” The point is, God does not want us to remain enemies. The peaceful images of idyllic nature and shepherding are possible only when there is reconciliation, trust, and commitment to the well-being of oneʼs enemies. The God of the Bible is a God of all, universally providing for all, and expecting reconciliation between people.

” While scripture tells us of God using eating as a common human bond, people have used eating as a way to separate ourselves – from one another, from the earth, and from Godʼs intentions. While we may not have the intense associations of who to eat and not eat with that we associate with Middle Eastern cultures, we have our own ways of separating through eating. Eating as a way to demarcate who is in and who is out. Who is accepted and who is not. Who is superior and who is inferior. Whatʼs acceptable and what isnʼt. It may seem like a remote thing of the past, associated with the lunch counters of the South before civil rights movement, but subtle or blatant it continues to go on. Here are some examples from my experience to help you remember your own stories:

” We had Jewish neighbors when I was a child, and their kids could never eat at our house because we did not keep kosher. We could eat over there, but they could not eat at our house. Where was the mutuality in that? I felt that they rejected our hospitality and that they thought there was something wrong with us because they wouldnʼt eat our food. To me it made eating something that divided us instead of bringing us together. ” When our oldest son was in middle school, he ate lunch with a neighborhood kid he had known since first grade. Zack seemed to be gay, though he had not come out yet. No one else would sit at the cafeteria table with Zack, and kids would walk by and taunt Sterling for sitting at the “gay table.” And this same kind of thing happens in different ways in school lunchrooms and employee dining rooms throughout our society.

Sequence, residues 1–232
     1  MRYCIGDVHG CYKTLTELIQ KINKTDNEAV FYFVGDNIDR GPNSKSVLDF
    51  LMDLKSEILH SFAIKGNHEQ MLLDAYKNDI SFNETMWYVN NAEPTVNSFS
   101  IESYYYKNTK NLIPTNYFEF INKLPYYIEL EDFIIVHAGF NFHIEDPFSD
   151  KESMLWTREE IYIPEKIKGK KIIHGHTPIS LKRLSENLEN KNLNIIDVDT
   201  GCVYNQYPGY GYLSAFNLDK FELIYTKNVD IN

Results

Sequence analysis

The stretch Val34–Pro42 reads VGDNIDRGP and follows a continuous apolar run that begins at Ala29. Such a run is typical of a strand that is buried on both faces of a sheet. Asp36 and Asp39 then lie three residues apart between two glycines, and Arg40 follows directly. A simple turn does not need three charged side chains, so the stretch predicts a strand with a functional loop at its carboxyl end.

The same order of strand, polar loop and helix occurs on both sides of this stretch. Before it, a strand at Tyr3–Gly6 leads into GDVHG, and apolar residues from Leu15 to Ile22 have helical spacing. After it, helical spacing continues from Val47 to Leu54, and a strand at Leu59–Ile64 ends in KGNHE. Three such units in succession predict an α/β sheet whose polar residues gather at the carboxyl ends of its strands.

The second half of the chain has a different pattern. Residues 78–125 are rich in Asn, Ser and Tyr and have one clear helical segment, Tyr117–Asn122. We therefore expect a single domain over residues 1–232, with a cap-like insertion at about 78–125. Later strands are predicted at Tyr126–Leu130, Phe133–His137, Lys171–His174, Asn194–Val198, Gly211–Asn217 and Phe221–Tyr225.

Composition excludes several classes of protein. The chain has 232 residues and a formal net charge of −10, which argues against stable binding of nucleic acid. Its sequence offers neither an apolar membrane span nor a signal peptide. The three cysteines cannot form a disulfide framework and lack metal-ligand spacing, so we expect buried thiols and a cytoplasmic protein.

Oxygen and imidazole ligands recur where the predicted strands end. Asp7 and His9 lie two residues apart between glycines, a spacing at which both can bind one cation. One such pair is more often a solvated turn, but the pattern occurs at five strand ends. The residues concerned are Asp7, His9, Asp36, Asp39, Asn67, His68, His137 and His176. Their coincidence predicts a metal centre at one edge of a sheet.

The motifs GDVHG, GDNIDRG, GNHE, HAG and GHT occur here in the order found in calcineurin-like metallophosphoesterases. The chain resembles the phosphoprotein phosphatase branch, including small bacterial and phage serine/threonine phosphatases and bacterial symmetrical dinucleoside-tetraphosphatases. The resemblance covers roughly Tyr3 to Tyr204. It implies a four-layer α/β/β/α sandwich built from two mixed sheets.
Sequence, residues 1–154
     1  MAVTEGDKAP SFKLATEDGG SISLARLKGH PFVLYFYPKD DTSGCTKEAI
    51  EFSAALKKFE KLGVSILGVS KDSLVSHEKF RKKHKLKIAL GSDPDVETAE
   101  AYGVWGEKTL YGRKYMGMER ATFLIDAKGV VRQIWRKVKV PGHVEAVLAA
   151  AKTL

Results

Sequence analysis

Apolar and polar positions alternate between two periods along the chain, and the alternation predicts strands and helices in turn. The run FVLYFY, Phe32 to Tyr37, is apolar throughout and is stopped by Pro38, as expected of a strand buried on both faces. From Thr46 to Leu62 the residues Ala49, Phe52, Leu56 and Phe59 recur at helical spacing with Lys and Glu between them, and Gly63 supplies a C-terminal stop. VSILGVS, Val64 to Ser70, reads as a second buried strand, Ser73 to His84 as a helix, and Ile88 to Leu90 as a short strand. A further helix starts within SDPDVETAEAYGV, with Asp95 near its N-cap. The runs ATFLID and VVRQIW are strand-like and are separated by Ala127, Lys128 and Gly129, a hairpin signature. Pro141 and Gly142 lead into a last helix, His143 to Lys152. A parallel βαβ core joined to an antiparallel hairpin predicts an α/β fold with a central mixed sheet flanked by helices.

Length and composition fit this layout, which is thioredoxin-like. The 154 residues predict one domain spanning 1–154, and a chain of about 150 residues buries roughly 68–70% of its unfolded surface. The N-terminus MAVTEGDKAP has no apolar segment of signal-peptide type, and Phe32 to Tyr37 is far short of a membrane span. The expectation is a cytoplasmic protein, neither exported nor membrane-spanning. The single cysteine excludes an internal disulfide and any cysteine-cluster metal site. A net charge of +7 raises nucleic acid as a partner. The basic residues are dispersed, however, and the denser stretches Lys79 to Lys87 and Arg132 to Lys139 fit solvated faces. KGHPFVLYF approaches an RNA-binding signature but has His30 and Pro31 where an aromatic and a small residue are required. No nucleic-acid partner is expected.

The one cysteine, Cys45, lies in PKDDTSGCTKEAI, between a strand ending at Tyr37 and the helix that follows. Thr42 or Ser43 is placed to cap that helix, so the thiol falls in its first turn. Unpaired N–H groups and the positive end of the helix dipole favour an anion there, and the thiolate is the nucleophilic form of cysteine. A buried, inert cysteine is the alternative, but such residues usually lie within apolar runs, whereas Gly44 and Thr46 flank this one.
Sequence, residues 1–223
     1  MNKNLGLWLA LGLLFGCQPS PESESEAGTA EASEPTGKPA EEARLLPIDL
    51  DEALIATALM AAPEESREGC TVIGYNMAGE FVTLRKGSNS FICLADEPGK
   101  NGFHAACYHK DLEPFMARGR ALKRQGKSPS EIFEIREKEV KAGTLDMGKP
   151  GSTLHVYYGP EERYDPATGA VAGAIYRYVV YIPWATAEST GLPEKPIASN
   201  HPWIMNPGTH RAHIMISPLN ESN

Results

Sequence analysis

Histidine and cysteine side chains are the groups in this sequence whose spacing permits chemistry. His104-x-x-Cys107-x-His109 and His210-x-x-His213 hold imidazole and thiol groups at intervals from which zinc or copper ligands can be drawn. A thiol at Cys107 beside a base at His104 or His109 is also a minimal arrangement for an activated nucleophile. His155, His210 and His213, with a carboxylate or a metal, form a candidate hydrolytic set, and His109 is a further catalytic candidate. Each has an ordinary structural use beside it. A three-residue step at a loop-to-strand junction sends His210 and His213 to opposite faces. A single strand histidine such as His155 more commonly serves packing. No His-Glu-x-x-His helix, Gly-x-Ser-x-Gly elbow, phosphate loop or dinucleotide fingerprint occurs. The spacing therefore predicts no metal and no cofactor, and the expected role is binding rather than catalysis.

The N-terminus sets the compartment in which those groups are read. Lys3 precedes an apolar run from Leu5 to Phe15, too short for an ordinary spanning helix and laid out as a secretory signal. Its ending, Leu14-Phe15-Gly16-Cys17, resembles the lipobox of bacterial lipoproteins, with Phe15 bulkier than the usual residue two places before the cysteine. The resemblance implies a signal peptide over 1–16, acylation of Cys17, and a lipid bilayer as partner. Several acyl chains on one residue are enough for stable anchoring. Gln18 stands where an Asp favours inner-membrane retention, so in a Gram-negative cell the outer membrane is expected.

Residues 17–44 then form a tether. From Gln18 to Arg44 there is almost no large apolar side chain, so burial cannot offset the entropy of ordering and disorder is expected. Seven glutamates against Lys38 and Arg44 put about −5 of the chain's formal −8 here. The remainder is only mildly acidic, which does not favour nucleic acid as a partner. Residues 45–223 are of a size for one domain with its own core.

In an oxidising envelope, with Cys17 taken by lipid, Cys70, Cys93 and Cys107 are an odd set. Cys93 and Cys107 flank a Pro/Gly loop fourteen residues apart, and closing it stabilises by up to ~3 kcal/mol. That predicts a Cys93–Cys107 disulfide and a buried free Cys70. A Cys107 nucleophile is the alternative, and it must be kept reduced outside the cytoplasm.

” When we went to my grandmotherʼs hometown in Germany when I was a kid, I wanted to eat something familiar for a change. We were staying at my grandmotherʼs brotherʼs house, so we could cook and prepare food easily. I asked my grandmother to cook one of my favorite dishes, spaghetti. We went to the store and got the ingredients. She prepared a spaghetti dinner. But her brother, his wife, and their grown son, with whom we were staying, would not eat the spaghetti. They would not even try it. They ate noodles prepared other ways. They ate tomatoes. But they would not eat the spaghetti. And the reason was because it was Italian. And they didnʼt want to eat Italian food. I was 11. Half Italian. And I thought they were small-minded and stupid to not even try the spaghetti not because of the ingredients or taste, but because of the ethnic association. Absolutely inane. Now I know that I probably do things like that, too, but just donʼt see it as clearly in myself. But this kind of thing divides and separates people.

” I have a friend from Tampa who moved to Mexico but she will not eat any food from a vendor on the street. She would eat a hotdog from a stand here in the US, but not from a street vendor in Mexico. There is the assumption that those people are dirty and donʼt know about proper cleanliness and hygiene. I have eaten lots of food from street vendors in Mexico and boy is my friend missing out. But again, it is a subtle way of making judgment. ”